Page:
I recommend finding an empty building next to the club or pizza shop, and extending your business empire to encompass printing glow in the dark stickers and business cards, as well. It's clearly the only reasonable solution.

  4. qtrnevermore says:

    hmm...
    latex or acrylic glow in the dark paint/ink, hand painting hundreds of cards/stickers, with possible assist of a stencil... I haven't yet learned the art of print-making/silkscreen yet. if all else fails, you have at least one volunteer artist hand, atleast until a robot version happens.

    • jwz says:

      Though it's true that we don't sell a whole lot of stickers, doing them all by hand sounds ridiculously time-consuming...

      Oh, and surprisingly enough, we also can't find a source for green-on-black pizza boxes without crazy numbers like $8k plate-setup fee plus minimum order sizes in range of two thousand boxes per size (and we need 3-5 sizes of box). I'm not yet convinced that buying our own silkscreen rig isn't the right solution there...

      • Adolf Osborne says:

        Can you get plain, black pizza boxes without absurd minimums?

        Can you screen-print pizza boxes with green ink, yourself, without running afoul of the FDA?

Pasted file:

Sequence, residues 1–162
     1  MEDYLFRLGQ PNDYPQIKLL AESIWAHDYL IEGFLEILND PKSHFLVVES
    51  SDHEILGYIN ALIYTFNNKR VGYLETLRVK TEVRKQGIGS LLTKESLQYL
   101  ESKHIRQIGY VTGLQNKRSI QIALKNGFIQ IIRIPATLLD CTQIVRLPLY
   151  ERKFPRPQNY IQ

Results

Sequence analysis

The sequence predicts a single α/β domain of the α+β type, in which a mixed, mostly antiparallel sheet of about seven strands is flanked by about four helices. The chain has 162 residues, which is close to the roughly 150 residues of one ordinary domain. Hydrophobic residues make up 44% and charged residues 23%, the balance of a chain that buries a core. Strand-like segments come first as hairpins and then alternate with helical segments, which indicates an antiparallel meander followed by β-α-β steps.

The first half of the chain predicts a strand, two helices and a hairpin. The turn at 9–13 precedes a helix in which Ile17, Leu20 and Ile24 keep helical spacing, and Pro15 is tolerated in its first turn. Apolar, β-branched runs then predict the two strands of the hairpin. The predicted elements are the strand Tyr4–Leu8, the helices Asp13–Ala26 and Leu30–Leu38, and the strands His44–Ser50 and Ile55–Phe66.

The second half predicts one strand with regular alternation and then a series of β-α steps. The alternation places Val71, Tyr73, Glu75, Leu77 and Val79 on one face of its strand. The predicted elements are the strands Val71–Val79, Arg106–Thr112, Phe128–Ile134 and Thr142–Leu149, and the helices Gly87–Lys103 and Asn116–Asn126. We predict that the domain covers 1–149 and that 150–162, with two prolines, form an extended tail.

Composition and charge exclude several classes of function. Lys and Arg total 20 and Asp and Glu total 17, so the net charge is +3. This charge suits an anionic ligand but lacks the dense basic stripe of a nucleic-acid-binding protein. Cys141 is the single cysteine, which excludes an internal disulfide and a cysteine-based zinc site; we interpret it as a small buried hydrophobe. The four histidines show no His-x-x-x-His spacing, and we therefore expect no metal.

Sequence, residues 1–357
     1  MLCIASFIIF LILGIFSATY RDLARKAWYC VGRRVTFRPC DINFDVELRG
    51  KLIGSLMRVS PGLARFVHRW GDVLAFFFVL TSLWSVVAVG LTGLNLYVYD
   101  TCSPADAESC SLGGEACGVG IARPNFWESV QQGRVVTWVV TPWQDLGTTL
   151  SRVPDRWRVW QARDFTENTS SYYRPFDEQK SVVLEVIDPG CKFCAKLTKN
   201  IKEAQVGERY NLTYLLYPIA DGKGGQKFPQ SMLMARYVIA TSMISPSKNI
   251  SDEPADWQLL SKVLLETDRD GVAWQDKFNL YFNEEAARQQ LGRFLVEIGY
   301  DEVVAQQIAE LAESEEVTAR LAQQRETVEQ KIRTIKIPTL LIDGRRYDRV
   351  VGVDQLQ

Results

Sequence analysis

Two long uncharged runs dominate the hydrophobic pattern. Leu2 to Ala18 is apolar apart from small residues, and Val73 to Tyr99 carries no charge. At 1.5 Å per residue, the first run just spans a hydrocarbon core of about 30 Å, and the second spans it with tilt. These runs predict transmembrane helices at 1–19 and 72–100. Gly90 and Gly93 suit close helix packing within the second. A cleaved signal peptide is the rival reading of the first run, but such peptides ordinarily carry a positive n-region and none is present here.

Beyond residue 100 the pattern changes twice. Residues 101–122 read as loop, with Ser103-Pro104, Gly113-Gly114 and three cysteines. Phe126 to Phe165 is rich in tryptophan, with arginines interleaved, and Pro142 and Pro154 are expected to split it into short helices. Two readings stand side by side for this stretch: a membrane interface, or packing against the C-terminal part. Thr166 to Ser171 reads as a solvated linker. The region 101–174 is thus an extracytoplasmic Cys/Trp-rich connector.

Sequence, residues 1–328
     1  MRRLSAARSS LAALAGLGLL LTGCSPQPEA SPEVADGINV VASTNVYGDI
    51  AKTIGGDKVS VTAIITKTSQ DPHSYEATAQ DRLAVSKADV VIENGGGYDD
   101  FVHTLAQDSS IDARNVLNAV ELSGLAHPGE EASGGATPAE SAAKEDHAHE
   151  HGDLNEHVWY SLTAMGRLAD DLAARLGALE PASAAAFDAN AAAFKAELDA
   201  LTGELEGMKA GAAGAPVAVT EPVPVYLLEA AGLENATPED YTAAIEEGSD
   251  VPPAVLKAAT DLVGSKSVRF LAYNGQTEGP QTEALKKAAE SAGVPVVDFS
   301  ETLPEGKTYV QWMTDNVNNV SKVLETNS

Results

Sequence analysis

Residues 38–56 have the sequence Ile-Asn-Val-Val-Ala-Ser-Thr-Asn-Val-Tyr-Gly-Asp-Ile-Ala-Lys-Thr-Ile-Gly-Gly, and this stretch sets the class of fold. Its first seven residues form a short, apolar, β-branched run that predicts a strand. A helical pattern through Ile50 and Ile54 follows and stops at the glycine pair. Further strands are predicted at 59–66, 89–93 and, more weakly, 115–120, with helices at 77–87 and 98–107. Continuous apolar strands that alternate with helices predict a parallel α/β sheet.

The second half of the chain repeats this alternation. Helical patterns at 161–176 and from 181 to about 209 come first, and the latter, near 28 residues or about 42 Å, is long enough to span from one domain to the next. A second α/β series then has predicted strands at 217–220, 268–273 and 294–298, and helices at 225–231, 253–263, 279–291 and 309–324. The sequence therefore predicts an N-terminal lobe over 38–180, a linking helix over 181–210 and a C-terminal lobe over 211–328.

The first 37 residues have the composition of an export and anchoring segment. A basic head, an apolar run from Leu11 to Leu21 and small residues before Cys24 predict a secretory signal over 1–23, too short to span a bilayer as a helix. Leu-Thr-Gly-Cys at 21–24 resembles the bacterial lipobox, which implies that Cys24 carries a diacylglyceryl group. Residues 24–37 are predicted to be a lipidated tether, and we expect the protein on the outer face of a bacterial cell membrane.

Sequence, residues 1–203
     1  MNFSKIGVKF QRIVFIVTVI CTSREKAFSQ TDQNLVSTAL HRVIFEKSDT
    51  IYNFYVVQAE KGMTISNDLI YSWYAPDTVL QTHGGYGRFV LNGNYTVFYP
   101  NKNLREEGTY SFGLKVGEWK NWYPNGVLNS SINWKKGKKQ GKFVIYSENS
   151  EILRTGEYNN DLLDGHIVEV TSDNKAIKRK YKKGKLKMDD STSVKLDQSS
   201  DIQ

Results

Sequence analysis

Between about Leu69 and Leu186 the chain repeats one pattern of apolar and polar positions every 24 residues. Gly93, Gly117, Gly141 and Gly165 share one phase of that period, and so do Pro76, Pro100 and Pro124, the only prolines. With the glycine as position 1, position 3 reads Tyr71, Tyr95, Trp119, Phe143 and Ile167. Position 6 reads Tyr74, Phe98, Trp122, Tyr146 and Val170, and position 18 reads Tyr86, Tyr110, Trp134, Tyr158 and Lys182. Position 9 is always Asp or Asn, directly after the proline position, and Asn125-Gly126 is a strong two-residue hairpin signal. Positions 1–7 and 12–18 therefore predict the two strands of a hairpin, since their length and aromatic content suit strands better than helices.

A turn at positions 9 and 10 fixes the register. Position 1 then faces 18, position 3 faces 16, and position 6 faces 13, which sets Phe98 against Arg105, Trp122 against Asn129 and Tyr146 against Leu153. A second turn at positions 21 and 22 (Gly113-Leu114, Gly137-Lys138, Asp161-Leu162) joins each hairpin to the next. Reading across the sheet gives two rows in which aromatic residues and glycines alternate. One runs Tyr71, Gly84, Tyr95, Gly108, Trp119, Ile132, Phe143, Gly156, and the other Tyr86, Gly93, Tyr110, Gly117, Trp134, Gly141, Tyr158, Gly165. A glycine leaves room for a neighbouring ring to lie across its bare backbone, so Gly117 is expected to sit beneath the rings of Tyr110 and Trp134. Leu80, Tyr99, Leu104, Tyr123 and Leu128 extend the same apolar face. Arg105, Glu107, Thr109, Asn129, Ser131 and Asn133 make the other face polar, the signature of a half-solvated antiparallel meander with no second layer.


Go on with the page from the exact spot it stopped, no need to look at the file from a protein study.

If so: Can you stencil it, instead? Spraying paint (and I don't mean from a rattle-can) is faster than silk-screening, and only roughly as messy.

        Or, you know: Just put a sticker on it, at least for now. Print up a bunch of round 6" DNA Pizza logos on cheap, paper-based sticky-backed stock, green-on-black, and just smoosh one onto the top of each box as it goes out (in random orientation), or whenever the boxes get assembled.

        (As an anecdote: The local pizza places here can all manage to find time to glue, by hand, 4-to-6 color wet-offset glossy coupons to each box. And our pizza in Ohio is cheap compared to yours. And they've generally got custom box printing as well, even if they've only got one or two locations, though none of that print is predominantly black.)

        • Robert says:

          That's not a bad idea- plain black pizza box with fancy green on black coupon crap. That'd be much more vibrant than what you'd get on standard cardboard colors, and truth be told... why spend more than you have to on the box when it's just going to get thrown away... there are *no* other places that use black pizza boxes, so "trash-branding" is covered and much better to invest in coupon stuff that can be taken off and stuck on the fridge / wall.

          • Adolf Osborne says:

            I doubt that even a half-assed paper sticker will be removable from rough-surfaced corrugated cardboard with sufficient exposed adhesive remaing for it to live a second life as fridge/wall sticker...but that's not the point.